Britain’s biggest police force has been accused of enforcing a blanket ban on protest amid the fallout after the handling of the Sarah Everard vigil.
Anna Birley, from Reclaim These Streets, told MPs on Wednesday that senior officers from the Metropolitan Police had been obstructive to organisers and refused to engage with them over the event.
The campaign group, whose members include two Lambeth local councillors, had aimed to hold a vigil in Ms Everard’s memory on Clapham Common in south London on Saturday March 13.
The organisers had been involved in talks with the police and the local authority, but said when senior staff from Scotland Yard became involved the tone changed.
Ms Birley told the Home Affairs Select Committee: “The police maintain that they do not have a blanket ban on protest, for want of a better word, but it’s very difficult to see when they are unable to work with two local elected officials supported by their MPs and by officers of the local council and by local police officers, with a whole host of risk assessments and Covid-safe measures planned.
“If they can’t work with us, then who are they going to work with? It’s very difficult to see how in practice it isn’t a blanket ban.”
Organisers of the vigil went to the High Court for clarity around the right to protest amid lockdown, but no definitive answer was given.
They eventually cancelled the event, although crowds gathered in Clapham anyway, leading to clashes with police that attracted heavy criticism.
Ms Birley said the planned vigil was at “the most benign end” of any sort of protest.
She told the committee: “The right to protest and the right to disagree and to gather and express those disagreements in a peaceful way, all of that should be permissible.
“If the response we had is a response others are having then that’s quite astonishing.”
The Met’s handling of the event drew unfavourable comparisons with Nottingham, where a vigil attended by around 150 people was held peacefully.
Nottinghamshire Chief Constable Craig Guildford said the force had realised that crowds would gather and acted “in the greater good” to try to maintain public safety.
He told MPs: “We liaised early with one of the promoters. We tried to encourage the individual not to have a public protest or a public vigil.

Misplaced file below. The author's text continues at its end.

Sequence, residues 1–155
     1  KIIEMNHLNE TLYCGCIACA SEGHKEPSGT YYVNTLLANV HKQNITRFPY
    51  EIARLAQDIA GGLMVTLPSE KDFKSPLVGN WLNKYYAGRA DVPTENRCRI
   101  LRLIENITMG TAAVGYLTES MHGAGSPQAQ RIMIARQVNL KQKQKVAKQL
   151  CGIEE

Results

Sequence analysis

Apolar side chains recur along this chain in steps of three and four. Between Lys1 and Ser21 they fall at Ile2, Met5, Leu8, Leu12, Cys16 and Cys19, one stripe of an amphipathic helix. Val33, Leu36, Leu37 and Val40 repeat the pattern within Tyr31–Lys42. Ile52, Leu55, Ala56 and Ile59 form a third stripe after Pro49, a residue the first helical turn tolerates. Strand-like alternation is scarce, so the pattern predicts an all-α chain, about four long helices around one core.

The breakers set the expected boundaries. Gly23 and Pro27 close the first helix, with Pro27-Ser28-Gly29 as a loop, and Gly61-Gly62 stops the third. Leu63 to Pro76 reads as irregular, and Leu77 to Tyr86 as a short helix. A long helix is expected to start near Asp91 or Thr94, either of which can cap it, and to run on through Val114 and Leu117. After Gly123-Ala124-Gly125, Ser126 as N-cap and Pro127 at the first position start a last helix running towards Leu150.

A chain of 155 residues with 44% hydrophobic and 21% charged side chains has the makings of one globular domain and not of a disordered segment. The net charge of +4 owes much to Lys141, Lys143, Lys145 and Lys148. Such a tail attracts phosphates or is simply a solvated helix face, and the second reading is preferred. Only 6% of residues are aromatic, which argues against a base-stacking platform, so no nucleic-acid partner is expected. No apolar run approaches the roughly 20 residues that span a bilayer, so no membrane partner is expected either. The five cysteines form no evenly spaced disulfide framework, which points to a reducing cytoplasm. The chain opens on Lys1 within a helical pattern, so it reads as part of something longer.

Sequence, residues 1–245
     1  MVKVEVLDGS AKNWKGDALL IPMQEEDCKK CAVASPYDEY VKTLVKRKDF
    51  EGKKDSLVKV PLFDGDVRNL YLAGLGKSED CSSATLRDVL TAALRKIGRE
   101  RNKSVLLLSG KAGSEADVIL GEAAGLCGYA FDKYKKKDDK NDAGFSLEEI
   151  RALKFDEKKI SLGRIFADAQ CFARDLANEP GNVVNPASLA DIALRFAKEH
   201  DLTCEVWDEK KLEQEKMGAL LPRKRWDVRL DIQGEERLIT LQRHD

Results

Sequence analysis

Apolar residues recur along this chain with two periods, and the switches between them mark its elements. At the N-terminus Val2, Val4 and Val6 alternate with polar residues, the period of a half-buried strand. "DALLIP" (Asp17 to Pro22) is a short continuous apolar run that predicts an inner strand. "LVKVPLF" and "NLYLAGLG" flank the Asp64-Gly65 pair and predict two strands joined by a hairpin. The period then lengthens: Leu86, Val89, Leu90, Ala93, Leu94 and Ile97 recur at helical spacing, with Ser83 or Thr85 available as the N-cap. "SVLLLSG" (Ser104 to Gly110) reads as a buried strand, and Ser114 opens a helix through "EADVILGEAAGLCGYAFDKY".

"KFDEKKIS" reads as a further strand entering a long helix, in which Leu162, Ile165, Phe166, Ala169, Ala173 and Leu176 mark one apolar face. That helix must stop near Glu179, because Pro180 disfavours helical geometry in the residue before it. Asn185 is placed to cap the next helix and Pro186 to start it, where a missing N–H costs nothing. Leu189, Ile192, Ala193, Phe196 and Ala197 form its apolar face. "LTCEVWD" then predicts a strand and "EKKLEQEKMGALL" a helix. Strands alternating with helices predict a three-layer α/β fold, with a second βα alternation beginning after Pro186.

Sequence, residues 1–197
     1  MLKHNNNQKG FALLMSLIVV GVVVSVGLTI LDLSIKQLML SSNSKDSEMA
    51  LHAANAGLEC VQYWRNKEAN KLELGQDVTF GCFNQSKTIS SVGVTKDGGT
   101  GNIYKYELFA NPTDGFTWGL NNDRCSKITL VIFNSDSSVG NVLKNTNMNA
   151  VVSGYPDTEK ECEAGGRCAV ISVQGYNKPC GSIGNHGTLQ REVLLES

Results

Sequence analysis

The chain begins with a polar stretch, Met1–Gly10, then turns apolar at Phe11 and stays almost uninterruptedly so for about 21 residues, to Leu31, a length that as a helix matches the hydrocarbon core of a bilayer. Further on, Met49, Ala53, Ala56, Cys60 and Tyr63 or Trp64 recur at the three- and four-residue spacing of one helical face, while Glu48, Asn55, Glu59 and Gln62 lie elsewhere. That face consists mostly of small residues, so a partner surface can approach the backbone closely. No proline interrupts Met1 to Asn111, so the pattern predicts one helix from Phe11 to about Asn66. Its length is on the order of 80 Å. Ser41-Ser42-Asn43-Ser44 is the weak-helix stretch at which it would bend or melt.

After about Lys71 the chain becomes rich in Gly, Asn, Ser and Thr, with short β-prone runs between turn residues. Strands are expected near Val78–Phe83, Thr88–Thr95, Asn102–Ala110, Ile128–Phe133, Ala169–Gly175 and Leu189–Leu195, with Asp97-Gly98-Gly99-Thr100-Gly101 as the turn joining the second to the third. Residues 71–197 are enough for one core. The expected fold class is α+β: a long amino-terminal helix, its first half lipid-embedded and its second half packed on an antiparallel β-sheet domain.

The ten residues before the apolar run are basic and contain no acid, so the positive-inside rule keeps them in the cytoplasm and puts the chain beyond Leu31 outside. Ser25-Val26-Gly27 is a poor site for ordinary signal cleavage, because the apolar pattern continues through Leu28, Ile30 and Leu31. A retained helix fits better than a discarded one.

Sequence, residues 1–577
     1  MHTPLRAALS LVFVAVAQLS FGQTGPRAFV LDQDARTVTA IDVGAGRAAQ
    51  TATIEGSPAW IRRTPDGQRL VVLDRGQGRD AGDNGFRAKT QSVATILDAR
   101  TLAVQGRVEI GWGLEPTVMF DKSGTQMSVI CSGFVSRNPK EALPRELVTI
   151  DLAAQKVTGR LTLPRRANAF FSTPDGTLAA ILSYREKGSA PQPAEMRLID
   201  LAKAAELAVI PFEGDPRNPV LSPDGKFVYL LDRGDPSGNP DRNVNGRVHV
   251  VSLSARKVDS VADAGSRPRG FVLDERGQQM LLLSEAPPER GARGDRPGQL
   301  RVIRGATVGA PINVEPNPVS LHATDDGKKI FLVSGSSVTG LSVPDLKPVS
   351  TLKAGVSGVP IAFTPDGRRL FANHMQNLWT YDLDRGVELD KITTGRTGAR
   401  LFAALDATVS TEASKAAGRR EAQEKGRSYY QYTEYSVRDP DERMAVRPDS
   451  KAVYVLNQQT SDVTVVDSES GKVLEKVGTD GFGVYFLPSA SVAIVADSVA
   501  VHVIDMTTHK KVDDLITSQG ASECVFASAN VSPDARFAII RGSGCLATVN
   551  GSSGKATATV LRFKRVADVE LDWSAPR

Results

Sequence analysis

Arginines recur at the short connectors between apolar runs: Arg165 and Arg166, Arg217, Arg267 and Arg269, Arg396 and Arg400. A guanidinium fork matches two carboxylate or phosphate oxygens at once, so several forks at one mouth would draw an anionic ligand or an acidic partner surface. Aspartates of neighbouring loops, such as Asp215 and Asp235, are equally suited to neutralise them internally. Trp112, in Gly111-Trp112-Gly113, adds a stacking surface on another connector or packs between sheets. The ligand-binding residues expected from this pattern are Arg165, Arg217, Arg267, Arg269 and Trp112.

“But it was very obvious from some of our contacts and from the feedback that we were getting that that was still likely to take place due to the strength of feeling.
“Clearly what we had to do was to keep communicating and put some plans in place.”
Female officers were deployed at the scene and social distancing was maintained, he said.
Mr Guildford added: “Our view was, from a command perspective, that the event would have been unlawful.
“So that’s on the one hand, that’s an absolute starting point for us, but we have to be proportionate and realistic, and we have to keep people’s safety in mind.
“You have to keep talking to people and engaging, and making sure that you’re aware of the wider realities of what could come to pass.”
While it is unlawful for police to effectively ban protest, forces are expected in each case to weigh up the importance of the right to demonstrate against the potential public health risk.
The rules will change next week as lockdown conditions are eased, with the right to protest specifically exempt.
Police across England and Wales are currently reviewing their preparedness for protests and ability to provide mutual aid to neighbouring forces.
Unrest in Bristol in recent days saw Avon and Somerset Police joined by officers from British Transport Police, Devon and Cornwall, Dorset, Dyfed-Powys, Gloucestershire, Gwent and Wiltshire.
National Police Chiefs’ Council lead for public order and public safety, Chief Constable BJ Harrington, said: “In light of the recent protests that have taken place across the country in recent weeks, as well as the forthcoming changes to the regulations, we believe it is sensible for forces to review their protest policing plans.
“We want to ensure that all forces have the capability to respond quickly and appropriately to any future protests, whether lawful or unlawful.
“As such, the public may see more police presence in some areas, though this isn’t something to be alarmed about.
“It isn’t based on any immediate danger or threat, but so we can be as prepared as possible.
“Where lawful, we will seek to facilitate peaceful protests, but any violence will not be tolerated.”